Marketing during tough times requires deliberation. When the market has been bolstered and cash flow is abundant, customers are happy for you to sell them things. When consumer cash flow is leaned out, however, we must take a more value-focused approach. You can’t simply tell customers what the product does and how valuable that is.  


Building A Buyer’s Journey

A Buyer’s journey is the path we lead prospects down to convert them into first-time buyers

A buyer’s journey, usually referred to as the pre-sale journey, has to outline your prospect’s preferences. It’s common to forget or shy away from entertainment value when you’re building a strategy to hook decision-makers—whether that’s at the household level or in other businesses.

Entertainment is, however, one of the easiest ways to stand out—as people, we all benefit from a good laugh or relatable content that makes us smile, especially when things are tough.

Our job as marketers is to identify our customers’ needs, address their needs meaningfully, and then show them how our products and services can improve their life, boost their quality of living, or alleviate stressors. If we don’t take these steps, we will push our audience away. Some popular examples where companies have dropped the ball here include: Pepsi’s Kendall Jenner ad campaign and Dove’s 2017 diversity campaign

You can learn a few things from these examples: Your brand can survive a faux pas, as long as you handle it well. Consumers know precisely what brand values they hold dear, and they know in an instant whether your campaign resonates with them. 

If you want to build a solid buyer’s journey, start by asking questions. 

Regardless of whether you live in a big city, where local events are currently suspended or a more rural area, electronic communication is the main method of interaction in the modern market. 

Organizing digital events that you believe will resonate with your target audience is a great way to build authority and expertise while also aggregating valuable data on your target audience—think webinars, podcasts, AMAs on Reddit, and other online events. 


Building A Customer Journey

A customer journey is generally easier to bring together than a buyer’s journey. As the name implies, our demographics have already chosen to buy into a product or service. As a marketer, your job is now to keep relating your brand or project to the customer experience (CX.) 

As time passes, the customer loses brain connections with your brand. 

Nike and Coca-Cola stay relevant through sheer frequency of presence alongside other factors, including positive experience and memory-driven association. Similarly, brands like Camel were able to weather rough times in the Great Depression, market effectively, and solve a problem for their audience—stress. You too can identify problems and build positive customer journey experiences around them.

By keeping these factors in mind, you can ask even better questions as people interact with your brand. Combine questions with social listening to find out how and where customers are interacting. Once you have these “touchpoints,” you can build a strategy to get in front of their eyes at just the right time.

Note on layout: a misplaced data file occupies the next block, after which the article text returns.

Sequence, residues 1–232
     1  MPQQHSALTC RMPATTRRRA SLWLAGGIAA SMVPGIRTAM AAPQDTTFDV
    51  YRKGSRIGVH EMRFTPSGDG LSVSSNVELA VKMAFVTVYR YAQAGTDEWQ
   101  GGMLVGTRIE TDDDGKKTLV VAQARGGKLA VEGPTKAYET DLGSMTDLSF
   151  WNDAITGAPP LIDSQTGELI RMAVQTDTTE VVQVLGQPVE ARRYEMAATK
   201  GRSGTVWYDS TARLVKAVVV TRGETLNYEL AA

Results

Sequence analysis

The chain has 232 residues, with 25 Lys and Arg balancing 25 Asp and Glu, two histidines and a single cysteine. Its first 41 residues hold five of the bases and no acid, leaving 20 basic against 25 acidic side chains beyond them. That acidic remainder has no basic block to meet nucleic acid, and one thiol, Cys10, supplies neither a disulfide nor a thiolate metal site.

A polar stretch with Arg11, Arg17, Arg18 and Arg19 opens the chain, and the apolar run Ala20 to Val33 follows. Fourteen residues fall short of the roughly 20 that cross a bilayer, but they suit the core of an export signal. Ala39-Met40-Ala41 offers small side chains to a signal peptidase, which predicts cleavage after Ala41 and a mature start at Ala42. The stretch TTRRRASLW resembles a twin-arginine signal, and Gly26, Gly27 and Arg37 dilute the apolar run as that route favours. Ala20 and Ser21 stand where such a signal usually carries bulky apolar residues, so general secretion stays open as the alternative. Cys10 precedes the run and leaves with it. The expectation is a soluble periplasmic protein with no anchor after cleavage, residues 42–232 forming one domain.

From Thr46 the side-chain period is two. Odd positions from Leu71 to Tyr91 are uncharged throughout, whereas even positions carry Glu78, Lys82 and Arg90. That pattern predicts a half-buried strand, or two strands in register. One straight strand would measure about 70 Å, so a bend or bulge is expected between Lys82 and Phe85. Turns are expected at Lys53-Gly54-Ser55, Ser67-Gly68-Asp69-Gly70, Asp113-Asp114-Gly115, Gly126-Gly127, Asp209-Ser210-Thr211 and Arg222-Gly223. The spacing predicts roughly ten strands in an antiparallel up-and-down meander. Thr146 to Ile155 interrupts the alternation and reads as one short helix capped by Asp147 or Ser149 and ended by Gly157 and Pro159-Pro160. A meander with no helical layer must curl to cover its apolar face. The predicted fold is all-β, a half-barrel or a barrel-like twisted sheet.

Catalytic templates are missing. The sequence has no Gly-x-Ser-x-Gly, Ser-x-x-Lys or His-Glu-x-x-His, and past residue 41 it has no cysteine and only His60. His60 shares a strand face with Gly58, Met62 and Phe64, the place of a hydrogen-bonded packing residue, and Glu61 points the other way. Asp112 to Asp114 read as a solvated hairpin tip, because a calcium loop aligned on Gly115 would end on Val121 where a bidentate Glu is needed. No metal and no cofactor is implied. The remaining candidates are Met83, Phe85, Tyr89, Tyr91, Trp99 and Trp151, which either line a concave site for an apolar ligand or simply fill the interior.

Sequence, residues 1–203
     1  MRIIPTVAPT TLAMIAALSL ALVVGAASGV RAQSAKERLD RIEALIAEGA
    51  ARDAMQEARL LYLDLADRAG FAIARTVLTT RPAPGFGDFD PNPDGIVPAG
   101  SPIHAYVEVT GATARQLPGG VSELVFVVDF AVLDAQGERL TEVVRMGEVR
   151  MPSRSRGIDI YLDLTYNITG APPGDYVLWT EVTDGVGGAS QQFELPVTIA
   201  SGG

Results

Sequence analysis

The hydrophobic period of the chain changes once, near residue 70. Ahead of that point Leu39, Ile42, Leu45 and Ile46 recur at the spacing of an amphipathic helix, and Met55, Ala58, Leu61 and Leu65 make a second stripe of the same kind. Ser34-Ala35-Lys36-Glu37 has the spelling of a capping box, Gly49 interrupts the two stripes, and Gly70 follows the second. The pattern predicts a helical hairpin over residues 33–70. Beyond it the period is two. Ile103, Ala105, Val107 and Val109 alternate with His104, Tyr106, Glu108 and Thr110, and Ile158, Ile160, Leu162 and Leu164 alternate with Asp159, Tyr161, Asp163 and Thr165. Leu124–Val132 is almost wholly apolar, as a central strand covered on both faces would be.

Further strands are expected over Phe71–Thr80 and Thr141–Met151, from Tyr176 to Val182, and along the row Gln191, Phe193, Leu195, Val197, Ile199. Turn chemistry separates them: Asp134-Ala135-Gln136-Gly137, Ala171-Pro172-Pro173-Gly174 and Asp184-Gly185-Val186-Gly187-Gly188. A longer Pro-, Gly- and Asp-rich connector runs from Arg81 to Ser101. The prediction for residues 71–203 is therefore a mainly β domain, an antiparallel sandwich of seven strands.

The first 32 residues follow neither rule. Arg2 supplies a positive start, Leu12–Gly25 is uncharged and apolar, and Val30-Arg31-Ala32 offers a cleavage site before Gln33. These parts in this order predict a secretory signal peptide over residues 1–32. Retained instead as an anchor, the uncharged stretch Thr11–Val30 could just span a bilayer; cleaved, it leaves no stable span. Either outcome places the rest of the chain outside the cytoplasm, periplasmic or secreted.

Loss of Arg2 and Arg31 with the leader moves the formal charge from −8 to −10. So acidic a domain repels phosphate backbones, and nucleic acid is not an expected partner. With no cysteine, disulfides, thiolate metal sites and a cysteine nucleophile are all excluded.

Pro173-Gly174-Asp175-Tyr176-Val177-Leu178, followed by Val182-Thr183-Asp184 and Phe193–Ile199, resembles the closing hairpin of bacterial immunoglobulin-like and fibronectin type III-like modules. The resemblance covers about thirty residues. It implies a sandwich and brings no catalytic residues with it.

Do not stop at good enough—you want to make their lives better. If you stop walking forward with customers, someone else will come along and take them in another direction. 


What Should You Do With Their Information?

Customers in the modern market expect customized marketing. In the last year, Account-based marketing (ABM) and marketing customization have grown massively in demand. Over the last decade, progressing through ‘social selling’ and other short-term strategies has shown time and again that marketers who forget the basics will quickly fall away. 

Look to positive examples such as GE for their #InstaWalk campaign to see how you can use curiosity and entertainment to draw in prospects by the pallet. Using customer data for internal targeting can shatter previous sales and conversion records, but mismanaging it can lead to customer churn and negative feedback. 

Take care to segment carefully and protect customer information, because customers are substantially more likely to leave public, negative feedback than public positive feedback.


Your Key Takeaways: Make Interactions Count

Customers want to feel heard and known. Simply throwing the right action—be it a discount code, refund, or free trial—at your customers and prospects cannot convert the way that addressing their needs in addition to providing a solution builds a positive service relationship. Positive relationships are the most likely to yield brand advocates and positive reviews. 

If you look at customers like a positive review waiting to happen, they will see the dollar signs behind your eyelids and run the other direction. Reach out to us to learn more about making every customer and prospect interaction a positive, customized, relationship-building experience that drives sales, even while we are all stuck at home.